This links nicely with my next read, I Am, I Am, I Am. The title comes from a line in Sylvia Plath's autobiographical novel, The Bell Jar.  The repetitious phrase reflects the sound, beat and insistence of her heart, a rhythm which reinforces her life rather than her desire to escape it.  Maggie O'Farrell's memoir however, is not one of suicidal agony, rather it is a celebration of life.  This is something of a paradox when you consider that the whole book is about encounters with death! Each chapter details a life-threatening moment in O'Farrell's own life.  And it is seventeen chapters long.  At the North Cornwall Literary Festival, she said that near-death experiences were not unusual, that we would all have stories to tell.  I am not so sure. She has certainly experienced more than most of us. And whilst some can be deemed as "trivial", such as her mother narrowly avoiding shutting a young Maggie's head in the boot of a car or as "commonplace", such as swimming out too far and finding yourself tired and out of your depth (admittedly made more tense by the fact that her young non-swimming son was on her shoulders at the time), others are dramatic and terrifying.

Most of us can be thankful that our vehicles were not targeted by bandits, machetes were not held to our necks or that our rambles in the countryside were not interrupted by psychopaths.

Think this is already one of my
most treasured possessions!
But horrific (and disturbingly gripping) though these tales were, it is the ones of searing vulnerability that evoke the most response.  The chapter on miscarriage is open and begs us to consider the question why we keep our early pregnancies under wraps, "I've never understood the blanket secrecy you're supposed to apply to early pregnancy. Certainly I've never felt the need to broadcast the news far and wide, but it seems to me that pregnancy at any stage is significant.."  Why is it that we choose to suffer alone when we grieve the loss of an embryo?  This is indeed one of society's final taboos, and one which we need to speak out about.  It doesn't need to be sentimentalised with social media campaigns, but rather we need to be free to speak about such pain if we so choose.  In the same way that we can speak about any loss, this one needs to be aired.

The chapter about her own childhood illness is also unspeakably honest.  She learns that she is the "little girl dying in there" by listening to an over-loud conversation outside her hospital door. Her subsequent recovery and the ineptitude of the authorities, "where [they]agreed to move my classroom downstairs but not the lunch room...[so] I ate a lot of packed lunches in the downstairs toilets, with the door locked, my feet tucked up so that no one could locate me." makes me cry out for the child she once was.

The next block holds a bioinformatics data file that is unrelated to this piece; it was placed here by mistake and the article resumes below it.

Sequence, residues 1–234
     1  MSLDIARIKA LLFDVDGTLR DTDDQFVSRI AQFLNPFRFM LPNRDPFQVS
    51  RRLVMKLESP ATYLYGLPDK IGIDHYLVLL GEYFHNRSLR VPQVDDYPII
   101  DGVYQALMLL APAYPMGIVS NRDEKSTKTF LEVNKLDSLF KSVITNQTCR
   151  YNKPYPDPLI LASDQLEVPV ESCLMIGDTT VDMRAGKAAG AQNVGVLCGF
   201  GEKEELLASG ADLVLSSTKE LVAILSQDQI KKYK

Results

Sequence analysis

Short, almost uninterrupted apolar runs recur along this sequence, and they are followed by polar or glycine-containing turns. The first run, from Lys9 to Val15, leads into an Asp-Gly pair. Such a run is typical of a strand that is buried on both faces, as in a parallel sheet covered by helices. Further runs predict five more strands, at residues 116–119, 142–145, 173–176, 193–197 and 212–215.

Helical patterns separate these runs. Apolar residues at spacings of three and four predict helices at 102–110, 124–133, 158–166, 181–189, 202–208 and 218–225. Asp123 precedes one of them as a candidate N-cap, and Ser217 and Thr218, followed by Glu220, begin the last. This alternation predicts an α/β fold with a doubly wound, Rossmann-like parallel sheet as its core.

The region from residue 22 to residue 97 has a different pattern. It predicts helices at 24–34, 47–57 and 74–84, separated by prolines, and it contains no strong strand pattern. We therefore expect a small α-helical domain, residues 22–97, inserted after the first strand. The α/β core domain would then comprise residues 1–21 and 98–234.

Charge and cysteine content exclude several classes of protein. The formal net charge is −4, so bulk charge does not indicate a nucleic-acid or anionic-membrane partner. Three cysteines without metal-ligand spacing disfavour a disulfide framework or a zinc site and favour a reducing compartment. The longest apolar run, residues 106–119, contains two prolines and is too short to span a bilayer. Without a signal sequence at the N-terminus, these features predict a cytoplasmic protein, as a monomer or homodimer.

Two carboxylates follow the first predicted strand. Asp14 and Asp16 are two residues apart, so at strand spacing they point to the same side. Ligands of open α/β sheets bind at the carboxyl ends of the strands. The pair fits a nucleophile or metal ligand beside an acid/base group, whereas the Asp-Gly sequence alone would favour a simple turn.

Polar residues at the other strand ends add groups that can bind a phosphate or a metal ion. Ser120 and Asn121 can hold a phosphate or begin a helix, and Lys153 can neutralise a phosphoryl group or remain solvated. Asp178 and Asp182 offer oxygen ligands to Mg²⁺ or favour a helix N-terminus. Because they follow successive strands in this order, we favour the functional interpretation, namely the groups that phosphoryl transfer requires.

Maggie reading at the
 North Cornwall Lit Fest
And this is Maggie O'Farrell.  There are few authors who can capture and take possession of what it means to be human.  There are few authors who can create characters with such depth and empathy.  She brings these skills to her memoir. It is not told in chronological order but each chapter has a connection to the one before.  Her childhood encephalitis precedes the chapter on her own daughter's constant fight to cling to this world, from her conception to her daily struggles with multiple allergies.  It is written in the same unequivocal tone as the rest of the book, and yet a mother's fears are transparent through it all.  Honest and raw in places, Maggie O'Farrell stated that this is the chapter that had the most attention, the most care,the most revisions.  And it is the chapter that she cannot read at festivals and readings because she cannot do so without tears.

It is a book of life rather than a book of death.  It is about valuing it, holding onto it and squeezing it for all it is worth.



And speaking of which, this is my half-term charity shop haul.  I am going to be reading for all I am worth, for as long as I am able...